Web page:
Do you think WFH has increased neck and back pain?
For many, this April marks one year of working from home for most non-essential workers. The mundane 8–9 hours of work in the office every day was transformed to remote working thus creating new forms of working postures. Like, working from the dining table in the morning to moving to the couch by noon, to sitting on the beds and working, and some even to the washroom. The only constant cruising through from one corner of the house to another corner is the neck and body pain that follows.
While working in an office we sit in rolling chairs and maintain a certain body posture, because one, it is a professional setting, and two because of the lack of space. Even then, people who have the option move to the cafeteria or some corner in the office for a change of environment. Nobody who works in a 9–5 office will deny the longing to just lie down and work and WFH has made it happen. But there is no denying the neck and back pain.
Another reason for the increase in neck and back pain is can be because of missing physical activity and we are not talking about working out or gym here. Just the mundane act of walking, commuting to the office, or grocery shopping to name a few. The lockdown has been lifted but the lifestyle adopted during the lockdown has left people less active thus resulting in neck and back pain.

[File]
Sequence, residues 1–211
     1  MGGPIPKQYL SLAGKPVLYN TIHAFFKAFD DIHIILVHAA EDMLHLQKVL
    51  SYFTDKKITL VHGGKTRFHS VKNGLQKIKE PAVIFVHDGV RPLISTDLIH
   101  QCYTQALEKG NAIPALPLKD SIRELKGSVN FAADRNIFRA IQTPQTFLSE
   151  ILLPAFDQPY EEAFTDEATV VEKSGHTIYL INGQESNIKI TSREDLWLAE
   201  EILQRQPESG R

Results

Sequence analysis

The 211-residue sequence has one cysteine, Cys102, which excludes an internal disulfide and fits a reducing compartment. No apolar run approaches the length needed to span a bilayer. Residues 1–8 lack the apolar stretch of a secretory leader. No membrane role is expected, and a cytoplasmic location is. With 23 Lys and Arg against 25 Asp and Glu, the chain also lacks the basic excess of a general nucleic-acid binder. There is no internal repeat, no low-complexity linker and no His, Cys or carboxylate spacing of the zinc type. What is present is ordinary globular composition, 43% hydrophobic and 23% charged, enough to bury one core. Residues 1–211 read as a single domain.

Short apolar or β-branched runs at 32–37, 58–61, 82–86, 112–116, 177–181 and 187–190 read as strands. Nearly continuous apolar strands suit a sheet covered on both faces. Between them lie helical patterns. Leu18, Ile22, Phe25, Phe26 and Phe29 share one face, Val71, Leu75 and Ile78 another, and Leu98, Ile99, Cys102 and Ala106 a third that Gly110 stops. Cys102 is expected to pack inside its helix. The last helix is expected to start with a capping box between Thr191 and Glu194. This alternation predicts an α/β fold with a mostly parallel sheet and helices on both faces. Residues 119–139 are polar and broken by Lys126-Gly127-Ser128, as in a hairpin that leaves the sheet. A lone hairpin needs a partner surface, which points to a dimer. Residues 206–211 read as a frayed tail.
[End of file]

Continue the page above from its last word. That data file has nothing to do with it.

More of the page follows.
Stress is frequently connected to neck and back pain. With so much pressure to maintain a work-life balance while tackling a global pandemic at the same time can cause a lot of stress and anxiety. This combined with bad postures while working is the reason for the increased neck and back pain. The only solution here is self-love and self-care because nobody can main a stable work-life balance other than you. Since COVID19 is still at large and it is not safe to go to public gyms and workout spaces, make sure that you are doing some physical activity that will serve as a stress reliever.
So, if you are reading this blog lying down or curled up on a couch, change your posture and hydrate yourself. If you think WFH has increased neck and back pain, share your opinion on Rizzle by responding to this prompt.
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